Two ratings for this segment regressed to not met and three others remain unchanged at partially met and not met.

Leadership commitment: partially met. Leadership commitment remains partially met to reflect action by Congress, such as passage of the National Defense Authorization Act for Fiscal Year 2018, which requires DOD to report on climate change impacts to its installations and to provide an overview of mitigation actions to address them.

However, top leadership support within the executive branch has regressed, as executive orders and agencies revoked policies indicating leadership support. The August 2017 E.O. 13807 revoked E.O. 13690, which we previously found had established a standard for reducing the flood risk of federally-funded projects in flood plains. This action potentially increases the federal government’s fiscal exposure to climate change, as taxpayer-funded projects may not last as long as intended because they are not required to account for future climate-related changes in risk.

Capacity: not met. The May 2018 E.O.13834 Regarding Efficient Federal Operations revoked E.O. 13693, which we previously found had partially met this criterion because it directed federal agencies to incorporate resilient design elements into their facilities as part of federal sustainability goals.

Additionally, in April 2017, the Council on Environmental Quality (CEQ) rescinded its guidance directing agencies to consider climate change in their National Environmental Policy Act of 1969 (NEPA) reviews for certain types of federal projects. We had previously found that this guidance helped partially meet this criterion. Without such guidance, agencies no longer have White House direction to consider climate change impacts, such as sea level rise, when planning federally-funded infrastructure.

Action plan: partially met. DOD has made some progress implementing our May 2014 recommendations to consider climate change impacts for its domestic installations. In November 2017, we made six recommendations to DOD to also consider climate change impacts for its overseas installations. DOD partially concurred with four of these recommendations and non-concurred with two. All six recommendations remain open as of this report. Further, as mentioned above, the National Defense Authorization Act for Fiscal Year 2018 requires DOD to provide an overview of mitigation actions to address climate change impacts.

Monitoring: not met. E.O. 13834 revoked E.O. 13693, which we previously found had partially met this criterion because it established a mechanism for OMB to monitor agencies’ progress toward sustainability goals. These goals included federal facilities’ resilience to climate change impacts.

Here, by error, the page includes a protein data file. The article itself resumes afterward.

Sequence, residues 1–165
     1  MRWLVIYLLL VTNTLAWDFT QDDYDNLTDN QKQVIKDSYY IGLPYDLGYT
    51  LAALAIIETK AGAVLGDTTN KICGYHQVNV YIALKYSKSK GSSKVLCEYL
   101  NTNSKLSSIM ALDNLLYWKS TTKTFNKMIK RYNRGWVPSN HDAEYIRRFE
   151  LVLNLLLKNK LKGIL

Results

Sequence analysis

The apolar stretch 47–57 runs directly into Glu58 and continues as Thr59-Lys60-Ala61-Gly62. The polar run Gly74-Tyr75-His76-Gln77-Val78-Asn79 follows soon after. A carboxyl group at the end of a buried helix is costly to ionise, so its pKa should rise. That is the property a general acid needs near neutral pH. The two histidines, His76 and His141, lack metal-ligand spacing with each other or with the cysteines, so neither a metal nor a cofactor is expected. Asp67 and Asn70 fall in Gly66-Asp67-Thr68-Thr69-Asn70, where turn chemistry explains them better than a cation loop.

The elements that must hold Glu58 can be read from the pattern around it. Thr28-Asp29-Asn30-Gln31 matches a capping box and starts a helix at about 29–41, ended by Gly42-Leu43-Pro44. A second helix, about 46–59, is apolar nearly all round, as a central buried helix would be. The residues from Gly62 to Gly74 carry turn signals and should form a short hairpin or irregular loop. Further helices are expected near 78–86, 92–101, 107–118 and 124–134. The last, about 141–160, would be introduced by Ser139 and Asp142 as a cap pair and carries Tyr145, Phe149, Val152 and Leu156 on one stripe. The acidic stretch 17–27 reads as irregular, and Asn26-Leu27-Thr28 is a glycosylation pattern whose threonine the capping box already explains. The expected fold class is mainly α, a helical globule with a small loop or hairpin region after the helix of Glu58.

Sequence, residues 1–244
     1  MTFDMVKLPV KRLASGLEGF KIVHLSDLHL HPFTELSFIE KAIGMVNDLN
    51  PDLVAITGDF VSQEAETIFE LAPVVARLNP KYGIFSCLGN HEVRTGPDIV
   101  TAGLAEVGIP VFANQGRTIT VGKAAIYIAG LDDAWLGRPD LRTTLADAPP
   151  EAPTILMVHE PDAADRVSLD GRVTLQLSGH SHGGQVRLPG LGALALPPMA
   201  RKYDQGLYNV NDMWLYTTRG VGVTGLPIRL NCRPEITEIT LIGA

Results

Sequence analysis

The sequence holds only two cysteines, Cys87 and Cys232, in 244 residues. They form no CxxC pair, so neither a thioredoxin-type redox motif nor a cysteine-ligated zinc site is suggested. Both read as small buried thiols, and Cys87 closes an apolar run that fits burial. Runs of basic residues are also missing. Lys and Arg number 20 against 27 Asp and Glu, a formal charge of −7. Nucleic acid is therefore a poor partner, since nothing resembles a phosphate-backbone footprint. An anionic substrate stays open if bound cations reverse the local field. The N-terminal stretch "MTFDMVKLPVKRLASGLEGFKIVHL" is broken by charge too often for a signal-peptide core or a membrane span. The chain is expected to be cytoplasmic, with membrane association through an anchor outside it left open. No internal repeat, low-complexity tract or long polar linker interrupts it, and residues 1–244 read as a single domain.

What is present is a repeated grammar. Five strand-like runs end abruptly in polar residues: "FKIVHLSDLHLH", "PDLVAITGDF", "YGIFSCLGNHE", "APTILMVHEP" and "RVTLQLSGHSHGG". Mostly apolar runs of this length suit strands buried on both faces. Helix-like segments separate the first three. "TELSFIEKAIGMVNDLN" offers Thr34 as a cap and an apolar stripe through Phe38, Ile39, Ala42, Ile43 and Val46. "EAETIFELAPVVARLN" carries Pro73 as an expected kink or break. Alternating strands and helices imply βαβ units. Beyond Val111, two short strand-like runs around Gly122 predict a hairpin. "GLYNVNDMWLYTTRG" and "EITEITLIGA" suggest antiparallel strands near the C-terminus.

Demonstrated progress: not met. The federal government has not implemented our recommendations to improve resilience government-wide, as described in the following section.


Federal Government as Leader of National Climate Strategic Plan

Limiting the Federal Government's Fiscal Exposure by Better Managing Climate Change Risks

As noted previously, as of December 2018, federal obligations and appropriations for disaster assistance are approaching half a trillion dollars since 2005. However, the federal government is currently not well organized to address the fiscal exposure presented by climate change, partly because of the inherently complicated crosscutting nature of the issue. Implementing our prior recommendations, such as developing a strategic approach to guide federal adaptation efforts and providing information on related fiscal exposures to Congress, could improve the nation’s ability to prepare for and adapt by reducing the government’s fiscal exposure. Additionally, we have ongoing work on how the federal government could identify and prioritize adaptation projects of national significance.

Four ratings regressed to not met and one remains unchanged at not met since our 2017 update.

Leadership commitment: not met. The March 2017 Executive Order E.O. 13783 revoked policies, including the Climate Action Plan and E.O. 13653 that we previously found had demonstrated leadership support for reducing aspects of fiscal exposure to climate change.

Capacity: not met. The May 2018 E.O.13834 revoked E.O. 13693, which we had previously found partially met this criterion. Specifically, E.O. 13693 had directed the Office of Personnel Management to include resilience in federal training and also directed the creation of interagency workgroups to address, among other things, resilience planning in coordination with states and other stakeholders.

Action plan: not met. Executive orders 13783 and 13834 withdrew previous direction to develop adaptation plans and strategic sustainability performance plans that identified agency actions to prepare for climate change impacts and improve resilience. As previously mentioned, FEMA and its partners have developed a draft National Mitigation Investment Strategy (NMIS) that may partially meet this criterion, if the final version includes a strategy to identify, prioritize, and implement federal disaster resilience investments. However, it is too early to assess the NMIS because it has not been finalized, although FEMA plans to do so in February 2019.

Monitoring: not met. Executive orders 13783 and 13834 also eliminated monitoring mechanisms that we previously found had partially met this criterion. Specifically, E.O. 13783 revoked E.O. 13653, which had directed agencies to submit adaptation plans to CEQ and OMB for review and E.O. 13834 revoked E.O. 13693, which had directed OMB to evaluate agencies’ strategic sustainability performance.

Demonstrating progress: not met. The federal government has not implemented key recommendations in this area, as described in the following section.


Technical Assistance to Federal, State, Local, and Private-Sector Decision Makers

Limiting the Federal Government's Fiscal Exposure by Better Managing Climate Change Risks

Decision makers at all levels of government can affect federal fiscal exposure to climate change. Specifically, state, local, and private-sector decision makers can drive federal fiscal exposures because they are responsible for planning, constructing, and maintaining certain types of vulnerable infrastructure paid for with federal funds, insured by federal programs, or eligible for federal disaster assistance. For example, the federal government annually invests billions of dollars in infrastructure that state and local governments plan and build. To reduce fiscal exposure, the federal government has a role to play in providing information to decision makers at all levels so they can make more informed choices about how to manage climate change risks.